For me, the standout film is without doubt Hotel Zaatari (2014), a docu-drama that captures the lives of four Syrian refugees – two adults and two children – living in the Zaatari camp in Jordan.  The deep-voiced, winding narrative that overlays haunting images of everyday life in the camp, sounds almost like poetry and adds to the strong sense of aimlessness in the film.  The main soundtrack to the piece is the whistling desert wind, which only adds to the feeling of desolation and hopelessness visually portrayed – as the film states it is a story “with no beginning and no end”.

Ceci N'est Pas Une Menace at Nour Shorts for Nour Festival

Ceci N’est Pas Une Menace, Charbel Kamel (director), 2015

The run of films is certainly a journey.  In fact it’s almost cyclical, with the first film, A Cold Morning in November (2014), opening with a mournful wake and the last, Ceci n’est pas une menace (This is Not a Threat) (2015), ending with a gun pointed directly at the camera.  Ultimately, through the framework and lens of the Middle Eastern region, all these films deal with issues of life, its fragility, its legacy, and its diversity.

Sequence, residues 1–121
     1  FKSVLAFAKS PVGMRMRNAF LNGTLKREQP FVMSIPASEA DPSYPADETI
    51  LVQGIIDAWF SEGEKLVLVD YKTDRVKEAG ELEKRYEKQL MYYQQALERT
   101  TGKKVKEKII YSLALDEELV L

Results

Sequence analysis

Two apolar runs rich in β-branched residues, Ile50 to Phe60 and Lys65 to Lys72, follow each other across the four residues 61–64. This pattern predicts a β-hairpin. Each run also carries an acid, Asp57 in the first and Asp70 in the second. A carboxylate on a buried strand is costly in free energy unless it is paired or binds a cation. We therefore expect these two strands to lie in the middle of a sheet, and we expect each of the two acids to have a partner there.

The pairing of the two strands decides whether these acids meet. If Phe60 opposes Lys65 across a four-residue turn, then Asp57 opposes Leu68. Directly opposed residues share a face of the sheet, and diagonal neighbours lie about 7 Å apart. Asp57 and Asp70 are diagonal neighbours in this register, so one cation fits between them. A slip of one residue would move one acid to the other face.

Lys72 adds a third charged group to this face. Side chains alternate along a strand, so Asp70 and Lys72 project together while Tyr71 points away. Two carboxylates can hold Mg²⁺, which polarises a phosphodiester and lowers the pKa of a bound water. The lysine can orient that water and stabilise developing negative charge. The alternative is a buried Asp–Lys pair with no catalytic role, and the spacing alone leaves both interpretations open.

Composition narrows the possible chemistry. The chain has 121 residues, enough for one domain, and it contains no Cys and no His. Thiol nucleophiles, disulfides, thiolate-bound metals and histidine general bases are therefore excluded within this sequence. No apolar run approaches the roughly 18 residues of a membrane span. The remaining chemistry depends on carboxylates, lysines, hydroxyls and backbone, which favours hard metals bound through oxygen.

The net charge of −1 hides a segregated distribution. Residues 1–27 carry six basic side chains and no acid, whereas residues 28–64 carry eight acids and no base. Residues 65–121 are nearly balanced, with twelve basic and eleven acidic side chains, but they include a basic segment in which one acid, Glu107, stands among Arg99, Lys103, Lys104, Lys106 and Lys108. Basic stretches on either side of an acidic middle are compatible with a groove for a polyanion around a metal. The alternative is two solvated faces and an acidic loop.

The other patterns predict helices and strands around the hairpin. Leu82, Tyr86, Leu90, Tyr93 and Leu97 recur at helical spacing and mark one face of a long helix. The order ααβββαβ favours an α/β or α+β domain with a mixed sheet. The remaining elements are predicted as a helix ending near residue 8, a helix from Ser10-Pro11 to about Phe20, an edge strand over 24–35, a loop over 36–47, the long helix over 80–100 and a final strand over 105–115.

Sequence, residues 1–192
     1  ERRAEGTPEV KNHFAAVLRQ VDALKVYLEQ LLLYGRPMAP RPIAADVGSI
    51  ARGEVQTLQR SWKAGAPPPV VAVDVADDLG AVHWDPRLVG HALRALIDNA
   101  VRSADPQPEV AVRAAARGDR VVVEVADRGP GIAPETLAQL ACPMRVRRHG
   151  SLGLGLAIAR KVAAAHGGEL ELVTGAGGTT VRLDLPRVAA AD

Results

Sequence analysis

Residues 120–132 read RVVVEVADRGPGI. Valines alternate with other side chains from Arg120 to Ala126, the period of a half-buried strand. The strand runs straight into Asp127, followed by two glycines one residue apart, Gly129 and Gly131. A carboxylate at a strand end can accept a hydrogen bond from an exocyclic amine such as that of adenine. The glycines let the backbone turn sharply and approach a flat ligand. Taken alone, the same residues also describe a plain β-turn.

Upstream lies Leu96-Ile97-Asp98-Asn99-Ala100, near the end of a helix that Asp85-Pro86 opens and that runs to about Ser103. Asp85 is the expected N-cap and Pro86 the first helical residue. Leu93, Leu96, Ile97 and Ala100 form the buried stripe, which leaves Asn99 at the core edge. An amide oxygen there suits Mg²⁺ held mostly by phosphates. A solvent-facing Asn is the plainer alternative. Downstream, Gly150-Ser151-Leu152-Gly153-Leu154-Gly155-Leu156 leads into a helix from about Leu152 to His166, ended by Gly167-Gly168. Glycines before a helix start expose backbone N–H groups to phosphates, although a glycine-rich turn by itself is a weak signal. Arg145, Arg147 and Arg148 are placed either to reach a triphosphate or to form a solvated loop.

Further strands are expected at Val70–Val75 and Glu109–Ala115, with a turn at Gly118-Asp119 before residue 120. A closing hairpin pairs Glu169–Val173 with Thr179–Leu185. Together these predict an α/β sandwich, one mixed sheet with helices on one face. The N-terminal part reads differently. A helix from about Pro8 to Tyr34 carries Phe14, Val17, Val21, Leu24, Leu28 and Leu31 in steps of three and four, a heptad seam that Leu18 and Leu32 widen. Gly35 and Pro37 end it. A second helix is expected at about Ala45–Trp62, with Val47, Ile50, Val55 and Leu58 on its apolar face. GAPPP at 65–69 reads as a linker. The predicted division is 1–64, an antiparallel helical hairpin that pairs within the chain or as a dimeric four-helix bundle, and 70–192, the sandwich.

This review was written by Aimee Dawson; a London-based writer and blogger on contemporary art from the Middle East and North Africa.

ARA-B-LESS? : An Interview With Riffy Arts Collective

Meriem Bennani; the New York-based artist who was recently featured in the New York Times is one of the selected artists by Riffy Ahmed and Sarah El Hamed for the ARA-B-LESS? project at the Saatchi Gallery.  Our guest blogger Aimee Dawson speaks with Riffy to learn more about the project.

ARA-B-LESS by Riffy Arts Collective for Nour Festival in London

Project Poster

How did you conceive the title ARA-B-LESS ?